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Citizen Science in practice: activity reports

Analysis of mobile apps fighting the COVID-19 crisis

COVID-19 impacted on the understanding and perception of science, as well as trust in governmental institutions. In this context, Citizen Science increased in importance as far as scientific literacy and education is concerned.

We elaborated and contributed to a series of materials on this topic:

 

The activities on this topic also included a multi-channel approach to monitor and analyse the COVID-19 related mobile applications evolution.

This work on COVID-19-related apps improved our understanding on this dynamic landscape and provided a particular angle on how technology is used for governance in a crisis situation, implying the need to address legal and ethical considerations.

The Spreading and Scaling of Citizen Science

Powered by a series of digital transformations over the past decade, citizens are increasingly becoming one of the major providers of knowledge and data. But we know arguably little about all the data flows surrounding us, as well as about its potentials and threads, which leave several relevant research questions unanswered and advocate for ethical consideration to be taken into account.

There is a need to closely investigate the impact of technologies and especially their potential role in the uptake of Citizen Science approaches at different geographic scales.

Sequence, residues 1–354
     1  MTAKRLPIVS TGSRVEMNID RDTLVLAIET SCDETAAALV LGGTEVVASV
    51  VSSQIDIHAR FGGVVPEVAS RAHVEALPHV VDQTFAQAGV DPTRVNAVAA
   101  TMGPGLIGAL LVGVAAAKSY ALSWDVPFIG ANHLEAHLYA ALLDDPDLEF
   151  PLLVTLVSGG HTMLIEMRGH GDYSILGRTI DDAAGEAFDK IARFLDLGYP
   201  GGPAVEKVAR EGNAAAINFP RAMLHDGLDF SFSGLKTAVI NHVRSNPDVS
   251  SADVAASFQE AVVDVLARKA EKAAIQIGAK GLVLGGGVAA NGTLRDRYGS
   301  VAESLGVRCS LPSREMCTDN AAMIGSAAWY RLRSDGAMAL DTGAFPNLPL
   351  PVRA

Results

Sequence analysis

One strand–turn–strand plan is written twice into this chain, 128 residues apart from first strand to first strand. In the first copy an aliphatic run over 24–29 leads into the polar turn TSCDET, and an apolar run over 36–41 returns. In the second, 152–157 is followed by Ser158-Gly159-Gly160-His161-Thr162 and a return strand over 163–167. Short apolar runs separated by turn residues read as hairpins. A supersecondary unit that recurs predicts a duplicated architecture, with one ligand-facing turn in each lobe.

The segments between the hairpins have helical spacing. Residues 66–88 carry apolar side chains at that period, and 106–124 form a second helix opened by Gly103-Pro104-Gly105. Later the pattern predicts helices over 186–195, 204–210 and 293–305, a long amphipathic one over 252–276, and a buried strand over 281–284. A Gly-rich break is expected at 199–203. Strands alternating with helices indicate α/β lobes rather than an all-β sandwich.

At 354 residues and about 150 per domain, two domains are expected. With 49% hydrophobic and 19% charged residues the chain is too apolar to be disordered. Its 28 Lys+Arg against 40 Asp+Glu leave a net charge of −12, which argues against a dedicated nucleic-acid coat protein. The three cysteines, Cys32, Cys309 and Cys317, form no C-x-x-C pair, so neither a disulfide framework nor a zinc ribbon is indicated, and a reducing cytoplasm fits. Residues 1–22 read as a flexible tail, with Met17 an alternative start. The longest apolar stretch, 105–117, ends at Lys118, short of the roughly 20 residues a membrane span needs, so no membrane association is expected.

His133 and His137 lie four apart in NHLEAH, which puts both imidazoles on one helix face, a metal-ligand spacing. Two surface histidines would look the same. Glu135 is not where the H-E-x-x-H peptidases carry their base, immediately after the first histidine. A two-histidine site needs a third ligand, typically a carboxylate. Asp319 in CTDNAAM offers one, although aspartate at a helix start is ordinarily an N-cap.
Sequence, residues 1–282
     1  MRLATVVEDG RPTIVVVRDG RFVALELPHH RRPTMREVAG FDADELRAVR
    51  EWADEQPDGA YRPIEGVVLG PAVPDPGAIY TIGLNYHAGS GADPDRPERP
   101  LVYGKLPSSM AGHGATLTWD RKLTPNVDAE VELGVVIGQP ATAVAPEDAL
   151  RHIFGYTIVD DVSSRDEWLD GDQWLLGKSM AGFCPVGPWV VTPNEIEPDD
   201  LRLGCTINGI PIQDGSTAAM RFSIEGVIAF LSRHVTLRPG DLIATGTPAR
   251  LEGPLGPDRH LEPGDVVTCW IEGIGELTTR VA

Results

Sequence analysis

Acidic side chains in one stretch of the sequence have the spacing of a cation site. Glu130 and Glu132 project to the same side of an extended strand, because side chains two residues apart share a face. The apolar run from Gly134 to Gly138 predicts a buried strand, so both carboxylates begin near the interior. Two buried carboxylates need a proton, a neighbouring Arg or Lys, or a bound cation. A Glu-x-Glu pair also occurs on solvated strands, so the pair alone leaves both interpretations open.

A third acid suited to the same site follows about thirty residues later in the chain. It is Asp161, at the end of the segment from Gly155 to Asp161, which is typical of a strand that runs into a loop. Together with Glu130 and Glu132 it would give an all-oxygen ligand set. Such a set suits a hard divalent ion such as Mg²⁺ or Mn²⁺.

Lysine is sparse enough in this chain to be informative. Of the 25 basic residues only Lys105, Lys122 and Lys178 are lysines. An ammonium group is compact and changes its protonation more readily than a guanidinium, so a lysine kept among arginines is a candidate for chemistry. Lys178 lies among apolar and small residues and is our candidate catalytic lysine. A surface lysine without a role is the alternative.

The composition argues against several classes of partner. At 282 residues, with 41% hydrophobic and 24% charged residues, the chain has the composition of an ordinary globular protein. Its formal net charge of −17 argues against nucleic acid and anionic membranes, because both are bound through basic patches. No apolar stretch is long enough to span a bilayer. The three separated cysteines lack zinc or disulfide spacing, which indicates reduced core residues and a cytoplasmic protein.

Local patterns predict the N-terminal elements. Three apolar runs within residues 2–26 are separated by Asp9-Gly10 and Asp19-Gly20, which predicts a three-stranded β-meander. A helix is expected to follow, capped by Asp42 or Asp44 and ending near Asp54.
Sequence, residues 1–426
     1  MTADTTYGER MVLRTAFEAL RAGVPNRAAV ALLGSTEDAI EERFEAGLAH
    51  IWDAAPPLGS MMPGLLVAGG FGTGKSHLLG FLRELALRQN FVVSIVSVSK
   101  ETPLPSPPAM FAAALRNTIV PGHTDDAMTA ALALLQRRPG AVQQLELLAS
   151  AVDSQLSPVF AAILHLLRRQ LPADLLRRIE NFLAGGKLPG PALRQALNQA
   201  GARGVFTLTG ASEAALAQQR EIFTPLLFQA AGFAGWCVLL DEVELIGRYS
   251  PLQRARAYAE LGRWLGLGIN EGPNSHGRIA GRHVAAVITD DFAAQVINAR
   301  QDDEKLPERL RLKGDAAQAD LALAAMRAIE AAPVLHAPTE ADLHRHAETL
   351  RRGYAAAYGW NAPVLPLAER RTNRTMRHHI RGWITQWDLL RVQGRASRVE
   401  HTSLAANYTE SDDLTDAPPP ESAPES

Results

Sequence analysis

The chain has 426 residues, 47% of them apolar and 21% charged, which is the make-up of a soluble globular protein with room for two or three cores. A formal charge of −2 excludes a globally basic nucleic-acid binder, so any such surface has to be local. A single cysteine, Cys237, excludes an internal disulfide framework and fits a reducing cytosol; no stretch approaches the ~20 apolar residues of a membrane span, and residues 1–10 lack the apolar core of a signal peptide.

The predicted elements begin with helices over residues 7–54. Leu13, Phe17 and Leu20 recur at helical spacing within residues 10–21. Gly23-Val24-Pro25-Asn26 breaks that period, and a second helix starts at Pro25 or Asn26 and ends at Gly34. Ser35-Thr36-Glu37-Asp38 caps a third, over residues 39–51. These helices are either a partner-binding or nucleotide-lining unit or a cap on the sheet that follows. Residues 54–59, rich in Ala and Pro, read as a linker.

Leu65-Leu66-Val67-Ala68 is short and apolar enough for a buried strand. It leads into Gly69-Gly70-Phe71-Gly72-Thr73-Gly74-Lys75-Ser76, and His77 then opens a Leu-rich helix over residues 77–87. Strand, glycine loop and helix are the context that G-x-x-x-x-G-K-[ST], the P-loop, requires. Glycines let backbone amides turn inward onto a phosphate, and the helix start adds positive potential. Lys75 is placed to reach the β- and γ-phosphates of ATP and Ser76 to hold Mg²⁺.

Best Practices in Citizen Science for Environmental Monitoring

A growing number of citizens worldwide are getting involved in collecting and reporting scientific information and observations about their surroundings through citizen science initiatives. Many of these projects are producing valuable data about environmental phenomena.

The work on this area, in collaboration with the European Environment Agency, summarizes the opportunities and benefits of using citizen science for environmental monitoring, highlights good practices and lessons learnt, and identifies the obstacles preventing its broader uptake.

It also puts forward recommendations and possible actions for the various actors in the field (public authorities, citizen science networks and communities, researchers/academics) to facilitate and enhance the use of citizen science in environmental monitoring.

Legitimizing the use of Citizen Generated Data

Citizen Sensing is increasingly considered as a source of evidence in (environmental) litigation. Furthermore, it has often been regarded as a tool to mediate the environmental conflict and restore broken or damaged trust relations between citizens, the government and eventually the private actor.

The ‘Sensing for Justice’ project (SensJus), kicked off in June 2020, aims at filling a knowledge gap and provide newly required research capacity in the EU. Its network rapidly expanded, with supporters and advisors from the U.S. to Japan to Africa and a considerable media attention.

This work lies at the intersection between the use of data and technology, as well as governance, trust and ethics. Work is carried out at the interface of data use and governance – with a focus on peoples’ rights and claims and also drawing on collaborations with JRC colleagues from other teams on the topic.